Fire personnel were starting to see spots in the desert northeast of the fire and fearing that winds from the west could push the blaze farther east toward Holcomb Valley and Lucerne Valley - areas full of heavy timber.
Dan Felix, a fire-behavior analyst, said that although there's less fuel for the fire in the desert, there's still concerns that the fire will head out there.
Dozens of firefighters stood by homes along Rim of the World Drive in Fawnskin, providing structure protection.
Firefighters from around the Southland, including Downey, Santa Fe Springs as well as from Ventura and Orange county departments, scattered around the area, guarding homes.
By midafternoon, some of the fears concerning firefighters earlier in the day became real.
Gusty winds kept the fire burning strong near Fawnskin. The heavy smoke flames became dangerous enough on Gray's Peak that U.S. Forest Service hot shot crews were pulled out of the area.
Ten strike teams were ordered for the community, in addition to the four teams already in the area.
"With the history of fire in this area, you don't take any chances," San Bernardino County fire Capt. Mike Horton said.
Pilots in fixed-wing aircraft and helicopters dropped a ring of fire retardant around the community, in anticipation of a flare-up.
CDF Capt. Cheryl Goetz said the mission for her team of 19 firefighters from the Monterey San Benito unit was to see if properties across the Lucerne Valley had enough defensible space in case the fire burns through the area.
Residents also watched with concern as the flames crept over the mountain and continued heading north.
David Velazquez, 34, stood in his yard at the corner of Zircon and Crystal Creek roads in Lucerne Valley with his sons Joshua, 6, and David Jr., 17, raking manure while Joshua scooped it up.
A thick white band of smoke crowned the mountain ridge behind Velazquez.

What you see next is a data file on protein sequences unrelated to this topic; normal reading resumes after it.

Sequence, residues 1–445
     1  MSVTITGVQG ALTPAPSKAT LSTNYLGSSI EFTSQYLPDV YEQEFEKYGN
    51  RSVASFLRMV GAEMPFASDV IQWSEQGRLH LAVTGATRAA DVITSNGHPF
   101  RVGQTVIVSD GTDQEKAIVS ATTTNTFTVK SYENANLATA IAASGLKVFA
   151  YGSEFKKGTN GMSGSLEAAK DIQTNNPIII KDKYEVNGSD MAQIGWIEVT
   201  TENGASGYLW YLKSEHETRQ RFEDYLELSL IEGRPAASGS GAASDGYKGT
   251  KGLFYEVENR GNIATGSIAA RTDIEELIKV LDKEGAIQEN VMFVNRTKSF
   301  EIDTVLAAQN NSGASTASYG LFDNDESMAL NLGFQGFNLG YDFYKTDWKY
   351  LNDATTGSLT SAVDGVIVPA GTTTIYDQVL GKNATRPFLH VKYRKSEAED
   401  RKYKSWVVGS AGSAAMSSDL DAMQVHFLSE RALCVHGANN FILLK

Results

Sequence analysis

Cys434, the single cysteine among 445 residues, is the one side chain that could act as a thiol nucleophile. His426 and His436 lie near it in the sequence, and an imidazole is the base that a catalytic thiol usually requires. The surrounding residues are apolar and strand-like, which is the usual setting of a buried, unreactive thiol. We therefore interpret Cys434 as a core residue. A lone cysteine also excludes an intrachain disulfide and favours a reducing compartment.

Velazquez said authorities notified him by phone on Saturday night of the voluntary evacuation.
A sheriff's deputy went around his neighborhood as well knocking on doors, informing residents to be on alert.
Velazquez said he was very concerned about the fire burning down the north side of the mountain toward his home.
"Embers and ashes are falling, and it's very dry out here," he said, adding he was worried that the tar shingles on his roof might catch fire if stray embers land on it.
Velazquez said if the situation worsened, he would water down the roof and if evacuation was necessary, he would head to a relative's home in Ontario.
Fire progression map Friday through Sunday evening. Color Code: Yellow & Orange=Friday AM, PM Magenta=Saturday Royal Blue=Sunday – Image Credit: USDA Forestry Service via KBHR 93.3FM
Photo taken of the Butler Peak Fire Incident #2 from the Westridge (Snow Summit) cam at about 7:04 in the morning of 9-17-2007. Smoke covering the mountains along the north Big Bear Lake valley behind Fawnskin. Image Credit: Big Bear Mountian Resorts
Excerpts From SoCalMountains Chat/Forums –
Monday 17 September 2007 - 06:34:19
OK - AM visual. I see not plumes of smoke from my vantage point (but remember - I'm WAY OVER ON THE EAST END OF TOWN). I'm about as far away as you can get from the fire's location - so this is just a "visual from my location"
Monday 17 September 2007 - 06:41:59
I just saw a live report on Channel 7 from Lakeview. In the background - across the Artic Circle- you could see flames burning along Hwy 18
Monday 17 September 2007 - 07:11:30